Did you know that in his time, Beethoven was as well known for his piano playing as he was for composing?
In Vienna, at the turn of the 19th century, improvisation contests between two pianists was considered a fun night for aristocrats. Basically, it was “Lip Sync Battle” in powdered wigs! During Beethoven’s first years in Vienna, he had gone up against all the local talent and won. In 1800, when Beethoven was thirty, Daniel Steibelt came to town. He was one of Europe’s most famous pianists, a stuffy, uptight German from Berlin. Two aristocrats, Prince Lobkowitz and Prince Lichnowsky agreed to sponsor a battle between Beethoven and Steibelt. The princes were very top-drawer in Vienna, and both were very fond of Beethoven, with the older Lichnowsky providing housing when Beethoven first came to Vienna, and Lobkowtiz, who was two years younger than Beethoven, providing significant funding and support.
The battle took place in Lobkowitz’s magnificent concert room on the first floor of his palace (built at great expense and contributing to his later bankruptcy). The structure of the contest was that one musician would set a tune for the other to improvise on, and they would go back and forth until a winner was declared. On this night, Steibelt went first, bringing a piece of his own music and playing it to thundering effect. Beethoven then stepped up and turned Steibelt’s sheet music upside down! He took the first four notes of the piece and began to play variations on it, improvising, imitating Steibelt’s noisy playing, making a parody of it. The audience loved it, and Steibelt got up and walked out, outplayed and humiliated.
Beethoven’s Piano Concerto No. 3 was first performed on 5 April 1803, with the composer as soloist. His page-turner at the concert, Austrian musician and composer Ignaz von Seyfried, later wrote in his memoirs that the pages were mainly blank, explaining, “I saw almost nothing but empty pages; at the most, on one page or another a few Egyptian hieroglyphs wholly unintelligible to me were scribbled down to serve as clues for him; for he played nearly all the solo part from memory since, as was so often the case, he had not had time to set it all down on paper.”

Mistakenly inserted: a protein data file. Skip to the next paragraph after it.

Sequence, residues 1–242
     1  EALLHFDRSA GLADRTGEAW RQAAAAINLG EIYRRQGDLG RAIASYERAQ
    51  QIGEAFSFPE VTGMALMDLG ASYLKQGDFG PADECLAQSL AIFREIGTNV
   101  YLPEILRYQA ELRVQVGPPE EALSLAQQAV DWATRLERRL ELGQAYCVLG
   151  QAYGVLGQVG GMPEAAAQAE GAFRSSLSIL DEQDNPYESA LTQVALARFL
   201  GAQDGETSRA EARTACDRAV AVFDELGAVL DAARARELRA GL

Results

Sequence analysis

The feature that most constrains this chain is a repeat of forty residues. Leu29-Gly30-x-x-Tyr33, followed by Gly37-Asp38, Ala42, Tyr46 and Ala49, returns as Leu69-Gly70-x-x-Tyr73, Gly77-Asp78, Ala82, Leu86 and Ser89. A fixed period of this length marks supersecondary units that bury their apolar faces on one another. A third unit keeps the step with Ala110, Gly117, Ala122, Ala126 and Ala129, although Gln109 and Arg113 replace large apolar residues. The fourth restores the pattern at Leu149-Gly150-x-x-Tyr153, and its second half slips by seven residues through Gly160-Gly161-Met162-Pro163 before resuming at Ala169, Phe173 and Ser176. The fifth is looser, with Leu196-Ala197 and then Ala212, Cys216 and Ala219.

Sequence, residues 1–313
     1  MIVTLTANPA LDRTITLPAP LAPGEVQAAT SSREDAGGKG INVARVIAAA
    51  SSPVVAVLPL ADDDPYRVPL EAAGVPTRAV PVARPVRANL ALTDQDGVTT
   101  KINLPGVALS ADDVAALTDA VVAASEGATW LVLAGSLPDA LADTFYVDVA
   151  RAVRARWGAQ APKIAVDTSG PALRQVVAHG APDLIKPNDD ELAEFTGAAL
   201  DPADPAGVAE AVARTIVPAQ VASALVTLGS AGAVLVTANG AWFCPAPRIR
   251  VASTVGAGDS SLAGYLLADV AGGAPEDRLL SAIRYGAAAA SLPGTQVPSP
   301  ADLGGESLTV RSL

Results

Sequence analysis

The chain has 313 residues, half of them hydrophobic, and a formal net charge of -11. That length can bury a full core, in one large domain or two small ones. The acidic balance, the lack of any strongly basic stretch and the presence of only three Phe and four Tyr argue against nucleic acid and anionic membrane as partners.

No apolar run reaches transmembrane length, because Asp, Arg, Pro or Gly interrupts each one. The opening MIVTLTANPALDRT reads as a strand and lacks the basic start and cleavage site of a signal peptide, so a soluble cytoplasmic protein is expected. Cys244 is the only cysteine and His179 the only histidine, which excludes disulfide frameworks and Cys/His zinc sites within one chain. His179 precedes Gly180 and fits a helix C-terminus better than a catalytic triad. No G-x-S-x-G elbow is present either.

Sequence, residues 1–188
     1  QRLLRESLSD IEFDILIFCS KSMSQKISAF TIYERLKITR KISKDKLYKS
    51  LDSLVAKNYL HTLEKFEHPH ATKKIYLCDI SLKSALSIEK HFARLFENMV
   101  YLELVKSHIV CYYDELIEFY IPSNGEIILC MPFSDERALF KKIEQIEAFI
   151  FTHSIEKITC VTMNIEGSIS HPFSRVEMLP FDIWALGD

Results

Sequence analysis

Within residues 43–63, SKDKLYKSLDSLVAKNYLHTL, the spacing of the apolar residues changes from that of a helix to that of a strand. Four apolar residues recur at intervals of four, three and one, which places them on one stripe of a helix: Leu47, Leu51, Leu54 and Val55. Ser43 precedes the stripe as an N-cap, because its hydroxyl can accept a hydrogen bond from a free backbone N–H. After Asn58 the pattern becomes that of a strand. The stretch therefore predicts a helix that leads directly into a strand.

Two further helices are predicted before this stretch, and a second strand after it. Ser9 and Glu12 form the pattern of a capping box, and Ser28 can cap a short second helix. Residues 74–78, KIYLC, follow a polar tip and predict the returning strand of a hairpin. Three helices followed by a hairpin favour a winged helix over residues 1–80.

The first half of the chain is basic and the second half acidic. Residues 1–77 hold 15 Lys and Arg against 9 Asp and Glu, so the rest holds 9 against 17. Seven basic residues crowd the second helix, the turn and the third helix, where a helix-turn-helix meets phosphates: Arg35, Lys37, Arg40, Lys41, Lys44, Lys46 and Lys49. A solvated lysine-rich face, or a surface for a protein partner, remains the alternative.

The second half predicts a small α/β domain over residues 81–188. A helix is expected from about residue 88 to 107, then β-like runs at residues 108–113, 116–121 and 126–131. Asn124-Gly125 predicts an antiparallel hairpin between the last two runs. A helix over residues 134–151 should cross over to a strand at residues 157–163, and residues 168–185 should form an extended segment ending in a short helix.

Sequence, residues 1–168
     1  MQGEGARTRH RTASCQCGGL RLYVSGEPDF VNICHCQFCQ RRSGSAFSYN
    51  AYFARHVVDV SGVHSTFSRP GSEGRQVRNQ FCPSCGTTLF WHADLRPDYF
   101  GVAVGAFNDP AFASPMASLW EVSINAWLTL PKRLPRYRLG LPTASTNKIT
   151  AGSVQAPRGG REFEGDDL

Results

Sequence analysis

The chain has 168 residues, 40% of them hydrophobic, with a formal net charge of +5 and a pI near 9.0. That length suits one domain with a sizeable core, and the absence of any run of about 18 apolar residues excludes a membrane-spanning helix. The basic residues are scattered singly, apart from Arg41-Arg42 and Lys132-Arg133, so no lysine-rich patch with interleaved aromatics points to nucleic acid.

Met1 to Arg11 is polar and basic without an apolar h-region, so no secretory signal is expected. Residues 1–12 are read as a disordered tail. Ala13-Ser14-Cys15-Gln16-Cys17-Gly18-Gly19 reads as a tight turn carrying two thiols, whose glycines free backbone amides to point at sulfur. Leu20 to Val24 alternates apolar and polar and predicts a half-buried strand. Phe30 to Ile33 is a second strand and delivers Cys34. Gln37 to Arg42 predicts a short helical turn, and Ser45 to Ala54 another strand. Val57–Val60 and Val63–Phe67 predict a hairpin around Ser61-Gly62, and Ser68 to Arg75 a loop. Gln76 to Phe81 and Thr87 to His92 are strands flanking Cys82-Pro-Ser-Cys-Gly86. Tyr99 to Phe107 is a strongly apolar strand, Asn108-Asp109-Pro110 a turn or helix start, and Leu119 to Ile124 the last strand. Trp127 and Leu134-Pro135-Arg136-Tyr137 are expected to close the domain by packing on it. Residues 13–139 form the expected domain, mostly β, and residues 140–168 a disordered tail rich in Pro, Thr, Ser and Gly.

The fact that Beethoven was a virtuosic pianist informs his showcasing of the instrument in all its highly expressive glory. And around this time, the piano itself was taken to a new level of technical ability. Manufacturers added additional high notes to the piano, going beyond the standard five octaves. Beethoven took advantage of these new high notes, although it would mean the concerto could only properly be performed on one of these new pianos, and his third Piano Concerto is the first to ever include a high G note.
According to a minor composer, critic and writer of the time, Carl Ludwig Junker, “Beethoven's playing differs so greatly from the usual method of treating the piano, that it seems as if he had struck out an entirely new path for himself.” Ranking Beethoven among the top 25 greatest pianists of all time, ClassicFM.com says, “We may not have any recordings of Beethoven performing, but we have the virtuosic and inventive music he wrote for the piano and accounts from people who heard him play. The man who is now better known as a composer was much admired for his use of legato and the singing tone he was able to produce.”
Of course, we have no video of Beethoven playing, but we do have some incredible performances. Listen to one of the greatest interpreters of Beethoven’s piano concertos, Daniel Barenboim, performing Piano Concerto No. 3 with the Royal Danish Orchestra. Also, check out our guest artist for Beethoven Unleashed, Martina Filjak, playing the Beethoven Hammerklavier Piano Sonata. This performance won her the first prize at the Cleveland International Piano Competition. We can’t wait to hear her take on Piano Concerto No. 3 with the Cape Symphony! Ticket sales are brisk, so get yours now at capesymphony.org or by calling 508.362.1111.